Dr. William R. Brody, the outgoing head of the Johns Hopkins University, said yesterday he has accepted a position as president of the Salk Institute for Biological Studies in La Jolla, Calif. He will start March 1.
Brody, 64, said earlier this year that he would retire from Hopkins after 12 years as president, a period in which he has overseen the tripling of the university's endowment and a significant expansion of the its global health efforts. He will remain at Hopkins until Dec. 31, as previously announced.
While he initially expected to relax in his retirement, writing a book or two and brushing up on his piano playing, Brody said yesterday that the Salk job was too tempting to pass up. The Salk Institute was founded in 1960 by Jonas Salk, the developer of the polio vaccine, and has a scientific staff of 870 working on treatments and therapies for cancer, AIDS, Alzheimer's disease, cardiovascular disorders, brain anomalies and birth defects.
"I am excited to come to the Salk Institute, one of the true jewels in the crown of biomedical science, known for its renowned scientists," Brody, who was in California yesterday, said in a statement. "I hope to help the Salk faculty chart a course for the future, incorporating many of the exciting new disciplines and technologies that contribute to advances in medical science."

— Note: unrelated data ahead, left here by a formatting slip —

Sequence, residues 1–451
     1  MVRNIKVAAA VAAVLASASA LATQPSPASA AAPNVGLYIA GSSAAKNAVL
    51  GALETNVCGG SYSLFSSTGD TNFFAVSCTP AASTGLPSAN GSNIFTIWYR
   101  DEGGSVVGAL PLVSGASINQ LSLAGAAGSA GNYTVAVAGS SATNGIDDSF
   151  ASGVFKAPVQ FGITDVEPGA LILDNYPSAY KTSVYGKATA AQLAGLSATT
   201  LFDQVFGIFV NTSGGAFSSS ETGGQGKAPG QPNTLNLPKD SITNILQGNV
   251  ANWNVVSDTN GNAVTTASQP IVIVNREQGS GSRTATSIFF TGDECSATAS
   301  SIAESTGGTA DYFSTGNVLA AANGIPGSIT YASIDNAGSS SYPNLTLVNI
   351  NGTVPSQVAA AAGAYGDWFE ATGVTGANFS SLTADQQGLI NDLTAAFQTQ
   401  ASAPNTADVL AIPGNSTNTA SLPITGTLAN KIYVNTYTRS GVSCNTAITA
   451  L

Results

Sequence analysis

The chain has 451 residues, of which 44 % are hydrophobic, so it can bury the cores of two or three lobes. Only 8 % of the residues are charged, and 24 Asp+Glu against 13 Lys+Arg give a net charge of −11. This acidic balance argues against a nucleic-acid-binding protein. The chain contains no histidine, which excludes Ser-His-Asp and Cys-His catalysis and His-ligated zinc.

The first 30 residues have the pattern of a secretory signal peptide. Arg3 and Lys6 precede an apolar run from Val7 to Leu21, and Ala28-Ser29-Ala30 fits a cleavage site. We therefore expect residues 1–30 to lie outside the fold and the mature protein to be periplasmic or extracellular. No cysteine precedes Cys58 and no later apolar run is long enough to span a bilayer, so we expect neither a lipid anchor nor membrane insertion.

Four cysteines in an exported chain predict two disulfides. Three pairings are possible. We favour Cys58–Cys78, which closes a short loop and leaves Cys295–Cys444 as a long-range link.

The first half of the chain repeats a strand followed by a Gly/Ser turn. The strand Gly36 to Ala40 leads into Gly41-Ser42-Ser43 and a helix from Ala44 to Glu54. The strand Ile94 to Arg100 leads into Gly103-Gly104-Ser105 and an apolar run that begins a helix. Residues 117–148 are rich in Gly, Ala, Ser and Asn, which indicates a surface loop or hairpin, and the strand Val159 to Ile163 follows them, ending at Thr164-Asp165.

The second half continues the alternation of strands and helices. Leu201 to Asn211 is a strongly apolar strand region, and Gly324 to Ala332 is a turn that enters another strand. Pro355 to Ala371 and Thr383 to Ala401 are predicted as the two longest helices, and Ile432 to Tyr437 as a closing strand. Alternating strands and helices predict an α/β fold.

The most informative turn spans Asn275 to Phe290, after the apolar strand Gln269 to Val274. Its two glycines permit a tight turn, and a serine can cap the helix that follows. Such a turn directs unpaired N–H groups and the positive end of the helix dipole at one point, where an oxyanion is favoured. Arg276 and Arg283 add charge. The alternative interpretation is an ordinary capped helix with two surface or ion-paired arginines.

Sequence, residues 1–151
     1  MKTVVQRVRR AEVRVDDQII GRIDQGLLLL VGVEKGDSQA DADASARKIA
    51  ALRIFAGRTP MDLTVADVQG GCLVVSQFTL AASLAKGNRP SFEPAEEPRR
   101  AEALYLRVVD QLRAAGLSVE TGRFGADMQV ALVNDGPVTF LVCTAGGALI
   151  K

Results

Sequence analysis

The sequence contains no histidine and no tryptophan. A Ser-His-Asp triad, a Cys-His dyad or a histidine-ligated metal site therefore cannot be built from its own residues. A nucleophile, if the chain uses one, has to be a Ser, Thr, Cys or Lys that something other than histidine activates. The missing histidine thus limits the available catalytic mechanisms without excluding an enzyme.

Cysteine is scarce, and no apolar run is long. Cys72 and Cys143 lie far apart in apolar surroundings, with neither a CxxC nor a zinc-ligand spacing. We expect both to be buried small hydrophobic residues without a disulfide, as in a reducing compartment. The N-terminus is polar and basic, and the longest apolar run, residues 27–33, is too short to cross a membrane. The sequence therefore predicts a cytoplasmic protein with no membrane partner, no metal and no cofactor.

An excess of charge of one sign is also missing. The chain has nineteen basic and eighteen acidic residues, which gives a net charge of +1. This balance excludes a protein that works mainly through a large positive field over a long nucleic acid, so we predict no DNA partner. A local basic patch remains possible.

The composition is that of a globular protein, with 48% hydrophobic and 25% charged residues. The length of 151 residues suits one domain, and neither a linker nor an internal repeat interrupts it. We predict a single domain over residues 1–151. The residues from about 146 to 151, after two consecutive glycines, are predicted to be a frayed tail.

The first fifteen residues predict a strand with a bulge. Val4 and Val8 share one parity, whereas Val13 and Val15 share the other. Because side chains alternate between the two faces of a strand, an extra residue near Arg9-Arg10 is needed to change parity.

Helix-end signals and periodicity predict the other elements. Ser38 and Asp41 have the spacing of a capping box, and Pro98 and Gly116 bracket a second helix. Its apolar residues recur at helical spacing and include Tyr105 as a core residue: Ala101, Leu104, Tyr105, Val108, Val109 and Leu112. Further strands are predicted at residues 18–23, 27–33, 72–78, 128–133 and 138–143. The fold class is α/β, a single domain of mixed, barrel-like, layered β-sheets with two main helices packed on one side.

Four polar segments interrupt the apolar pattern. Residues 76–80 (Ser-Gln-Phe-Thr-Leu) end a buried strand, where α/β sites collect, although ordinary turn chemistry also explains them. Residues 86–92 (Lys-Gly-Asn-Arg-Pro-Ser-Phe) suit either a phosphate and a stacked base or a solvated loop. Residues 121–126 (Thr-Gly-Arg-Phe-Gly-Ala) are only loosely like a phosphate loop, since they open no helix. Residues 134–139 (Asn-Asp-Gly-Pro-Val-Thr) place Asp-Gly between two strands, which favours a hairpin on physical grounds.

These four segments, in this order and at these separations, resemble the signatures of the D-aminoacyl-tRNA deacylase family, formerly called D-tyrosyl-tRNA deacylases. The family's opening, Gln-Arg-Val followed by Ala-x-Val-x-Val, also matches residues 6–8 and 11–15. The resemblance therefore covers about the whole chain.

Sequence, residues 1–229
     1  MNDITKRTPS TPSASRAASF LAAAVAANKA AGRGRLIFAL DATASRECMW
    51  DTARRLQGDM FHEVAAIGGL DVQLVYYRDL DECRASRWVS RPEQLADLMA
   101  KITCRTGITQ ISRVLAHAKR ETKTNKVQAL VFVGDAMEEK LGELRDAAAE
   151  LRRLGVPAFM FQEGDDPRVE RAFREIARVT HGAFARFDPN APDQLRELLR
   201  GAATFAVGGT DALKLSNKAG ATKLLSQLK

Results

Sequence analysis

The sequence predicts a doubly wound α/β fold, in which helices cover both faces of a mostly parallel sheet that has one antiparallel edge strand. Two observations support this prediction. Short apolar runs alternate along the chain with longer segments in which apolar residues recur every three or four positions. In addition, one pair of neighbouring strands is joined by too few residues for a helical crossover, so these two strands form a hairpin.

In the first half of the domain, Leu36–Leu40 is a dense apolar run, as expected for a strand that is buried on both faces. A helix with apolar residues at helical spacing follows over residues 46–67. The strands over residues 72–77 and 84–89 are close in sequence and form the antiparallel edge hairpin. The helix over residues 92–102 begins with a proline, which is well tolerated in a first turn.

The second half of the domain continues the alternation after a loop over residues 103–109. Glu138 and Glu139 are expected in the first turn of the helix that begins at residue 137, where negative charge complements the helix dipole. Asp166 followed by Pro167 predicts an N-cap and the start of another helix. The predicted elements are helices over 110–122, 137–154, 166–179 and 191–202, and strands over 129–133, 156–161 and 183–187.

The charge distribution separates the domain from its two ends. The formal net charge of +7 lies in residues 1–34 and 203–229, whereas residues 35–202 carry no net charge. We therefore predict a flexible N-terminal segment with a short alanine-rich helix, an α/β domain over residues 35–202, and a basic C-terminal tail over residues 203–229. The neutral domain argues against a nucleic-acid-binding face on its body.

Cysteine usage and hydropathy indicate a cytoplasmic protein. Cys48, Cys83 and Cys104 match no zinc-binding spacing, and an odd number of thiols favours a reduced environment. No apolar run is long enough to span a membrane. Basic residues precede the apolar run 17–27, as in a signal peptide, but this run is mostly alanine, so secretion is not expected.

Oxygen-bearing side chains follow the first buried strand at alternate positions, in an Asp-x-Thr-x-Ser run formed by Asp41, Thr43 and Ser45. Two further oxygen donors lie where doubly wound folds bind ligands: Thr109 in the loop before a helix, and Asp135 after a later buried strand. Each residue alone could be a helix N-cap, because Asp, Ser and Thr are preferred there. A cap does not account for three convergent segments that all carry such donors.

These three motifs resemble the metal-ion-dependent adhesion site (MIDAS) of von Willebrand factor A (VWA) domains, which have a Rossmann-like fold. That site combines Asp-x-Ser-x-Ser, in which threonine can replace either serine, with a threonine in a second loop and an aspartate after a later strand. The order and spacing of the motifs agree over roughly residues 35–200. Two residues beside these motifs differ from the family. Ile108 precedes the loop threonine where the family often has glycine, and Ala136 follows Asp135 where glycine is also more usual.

Brody, who has a doctorate in electrical engineering and a medical degree from Stanford, is a classical pianist and recreational aircraft pilot. He has been a popular figure on Hopkins' Homewood campus. He revived the tradition of university presidents living on campus, and with his wife, Wendy, would greet students on move-in day by riding around on in-lane skates, scooters or Segways.
This year marks the end of a $3.2 billion fundraising campaign at Hopkins, and Brody has been instrumental in the development of Charles Village and East Baltimore Development Inc., a biopark rising next to Johns Hopkins Hospital on the city's east side.
"Bill has really taken Johns Hopkins to an even higher level of international regard and excellence while at the same time creating a new and better relationship with the communities with which Johns Hopkins does its work," said Jack Shannon, president and CEO of EBDI, where Brody is a board member.
The university had hoped to name a replacement by the time Brody left, but the search process has not moved as rapidly as some officials had intended. It now seems likely that an interim leader will take over.